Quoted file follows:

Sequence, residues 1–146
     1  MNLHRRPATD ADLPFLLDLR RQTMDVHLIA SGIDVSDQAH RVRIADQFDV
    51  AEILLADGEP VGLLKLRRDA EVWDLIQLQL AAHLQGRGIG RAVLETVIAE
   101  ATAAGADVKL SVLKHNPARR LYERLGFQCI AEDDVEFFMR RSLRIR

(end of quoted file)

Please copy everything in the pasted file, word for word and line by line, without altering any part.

Sequence, residues 1–146
     1  MNLHRRPATD ADLPFLLDLR RQTMDVHLIA SGIDVSDQAH RVRIADQFDV
    51  AEILLADGEP VGLLKLRRDA EVWDLIQLQL AAHLQGRGIG RAVLETVIAE
   101  ATAAGADVKL SVLKHNPARR LYERLGFQCI AEDDVEFFMR RSLRIR